ThincTimer will attempt to connect to THINC API if we do not already have an open THINC API connection (more on that later). This can happen if my application runs at startup, before THINC API is ready. An easier way to avoid this problem is to use Okuma’s THINC Startup Service to launch the application after a short delay.
TopmostTimer just bumps the form back up to the top of the window stack periodically. Okuma’s HMI software occasionally makes itself the topmost window. This prevents Okuma’s HMI from getting lost beneath other applications, but I’ve already made my little panel mode form as unobtrusive as possible, and I need to be able to access it easily.
Writing the THINC Interface and Implementation
Now that my user interface is done, I need to write the THINC code to change panel modes. Within a component of the THINC API known as the Command API, there is a class named CViews, with a method named ChangeScreen. All I have to do is create a CViews object, and call its ChangeScreen method.
But there are two flavors of THINC API: one for lathe and one for machining center. Both are very similar, with minor differences. I want my application to work on both of them.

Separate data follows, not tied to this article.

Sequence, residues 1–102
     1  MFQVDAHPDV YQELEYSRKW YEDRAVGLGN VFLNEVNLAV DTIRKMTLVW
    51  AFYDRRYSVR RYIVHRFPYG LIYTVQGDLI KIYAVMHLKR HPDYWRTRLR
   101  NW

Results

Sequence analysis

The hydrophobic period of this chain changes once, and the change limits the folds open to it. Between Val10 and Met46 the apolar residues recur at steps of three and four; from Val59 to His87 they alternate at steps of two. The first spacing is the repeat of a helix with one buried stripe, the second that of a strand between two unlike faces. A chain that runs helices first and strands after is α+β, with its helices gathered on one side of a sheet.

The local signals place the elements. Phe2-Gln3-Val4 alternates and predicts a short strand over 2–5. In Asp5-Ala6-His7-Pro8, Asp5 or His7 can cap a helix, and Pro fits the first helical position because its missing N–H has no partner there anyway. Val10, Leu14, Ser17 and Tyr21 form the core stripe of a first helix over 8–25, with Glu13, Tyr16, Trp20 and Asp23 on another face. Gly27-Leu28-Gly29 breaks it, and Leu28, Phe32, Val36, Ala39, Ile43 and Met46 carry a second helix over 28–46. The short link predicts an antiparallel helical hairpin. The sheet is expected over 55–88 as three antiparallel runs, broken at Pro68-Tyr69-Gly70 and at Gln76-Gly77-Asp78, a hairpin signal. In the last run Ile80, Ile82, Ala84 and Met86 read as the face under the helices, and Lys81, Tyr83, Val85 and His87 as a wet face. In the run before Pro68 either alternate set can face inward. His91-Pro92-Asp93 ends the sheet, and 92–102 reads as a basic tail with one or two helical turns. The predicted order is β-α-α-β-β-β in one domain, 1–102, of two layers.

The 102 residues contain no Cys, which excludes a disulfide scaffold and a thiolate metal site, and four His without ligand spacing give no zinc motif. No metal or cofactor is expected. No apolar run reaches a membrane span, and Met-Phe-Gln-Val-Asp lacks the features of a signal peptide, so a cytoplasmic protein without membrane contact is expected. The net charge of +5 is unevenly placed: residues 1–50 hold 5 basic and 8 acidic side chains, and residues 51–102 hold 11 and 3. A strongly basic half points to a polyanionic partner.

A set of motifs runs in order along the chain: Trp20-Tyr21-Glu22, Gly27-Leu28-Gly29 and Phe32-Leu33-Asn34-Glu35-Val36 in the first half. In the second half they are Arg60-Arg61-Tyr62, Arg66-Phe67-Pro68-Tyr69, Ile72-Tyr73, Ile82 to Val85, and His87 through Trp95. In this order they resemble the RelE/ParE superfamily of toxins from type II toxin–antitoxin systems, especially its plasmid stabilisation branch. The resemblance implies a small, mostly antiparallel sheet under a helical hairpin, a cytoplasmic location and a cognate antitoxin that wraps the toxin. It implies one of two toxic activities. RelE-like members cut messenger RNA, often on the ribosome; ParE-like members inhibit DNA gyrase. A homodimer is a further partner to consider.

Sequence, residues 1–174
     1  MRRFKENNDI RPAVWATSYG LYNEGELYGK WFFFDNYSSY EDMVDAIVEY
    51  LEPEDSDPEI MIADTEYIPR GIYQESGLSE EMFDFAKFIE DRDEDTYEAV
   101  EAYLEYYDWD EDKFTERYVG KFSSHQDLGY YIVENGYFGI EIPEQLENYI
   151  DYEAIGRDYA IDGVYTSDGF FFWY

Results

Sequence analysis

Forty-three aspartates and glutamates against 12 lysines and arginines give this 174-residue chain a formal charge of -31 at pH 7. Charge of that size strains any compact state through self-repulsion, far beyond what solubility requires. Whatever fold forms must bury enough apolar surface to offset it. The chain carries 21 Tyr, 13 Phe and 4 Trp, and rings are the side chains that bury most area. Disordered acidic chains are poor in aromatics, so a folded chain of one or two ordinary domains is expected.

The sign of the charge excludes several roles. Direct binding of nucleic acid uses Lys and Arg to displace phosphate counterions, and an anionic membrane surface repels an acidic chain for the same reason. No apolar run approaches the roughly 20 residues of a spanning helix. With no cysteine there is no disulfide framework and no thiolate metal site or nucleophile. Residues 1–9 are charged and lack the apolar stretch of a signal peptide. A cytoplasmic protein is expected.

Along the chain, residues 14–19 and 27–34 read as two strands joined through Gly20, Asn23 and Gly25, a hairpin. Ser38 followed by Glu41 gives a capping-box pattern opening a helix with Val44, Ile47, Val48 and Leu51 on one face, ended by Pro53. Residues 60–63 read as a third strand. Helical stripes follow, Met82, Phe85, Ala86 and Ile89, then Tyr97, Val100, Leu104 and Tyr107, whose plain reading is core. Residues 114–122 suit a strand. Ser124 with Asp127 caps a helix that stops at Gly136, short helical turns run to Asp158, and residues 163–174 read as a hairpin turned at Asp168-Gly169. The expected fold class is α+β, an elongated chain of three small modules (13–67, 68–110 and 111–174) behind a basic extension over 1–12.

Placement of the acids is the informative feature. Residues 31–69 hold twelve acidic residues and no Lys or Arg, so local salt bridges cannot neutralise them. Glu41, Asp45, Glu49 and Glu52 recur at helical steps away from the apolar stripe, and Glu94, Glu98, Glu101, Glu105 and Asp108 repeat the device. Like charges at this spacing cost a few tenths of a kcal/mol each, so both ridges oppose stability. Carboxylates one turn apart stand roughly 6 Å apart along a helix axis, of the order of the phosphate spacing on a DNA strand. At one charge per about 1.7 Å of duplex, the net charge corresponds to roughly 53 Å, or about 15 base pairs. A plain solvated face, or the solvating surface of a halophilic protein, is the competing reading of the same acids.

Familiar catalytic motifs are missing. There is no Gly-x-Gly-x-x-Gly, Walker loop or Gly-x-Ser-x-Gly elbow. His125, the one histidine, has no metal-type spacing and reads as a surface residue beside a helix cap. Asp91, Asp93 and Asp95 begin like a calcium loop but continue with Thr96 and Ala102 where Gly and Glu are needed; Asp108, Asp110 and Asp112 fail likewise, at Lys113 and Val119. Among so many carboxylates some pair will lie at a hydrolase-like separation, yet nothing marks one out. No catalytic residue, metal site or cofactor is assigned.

Fortunately, Jon Weaver at Gosiger has already posted a video of using .NET interfaces for machine neutral THINC applications. If you’re unfamiliar with .NET interfaces, it’s worth the 13:54 of your time. I also “borrowed” the Okuma Utilities DLL used in the example.
I’ll be creating the same architecture: an IThinc interface with a ChangeScreen method, then three classes that implement that interface: one for lathe, another for machining center, and a third that just simulates a panel mode change so that I can test on my development PC instead of on a control. I’ll use a Factory pattern to instantiate the appropriate type of object.
Each of the Panel Mode buttons on my ScreenChangeForm will just have to call that IThinc.ChangeScreen method.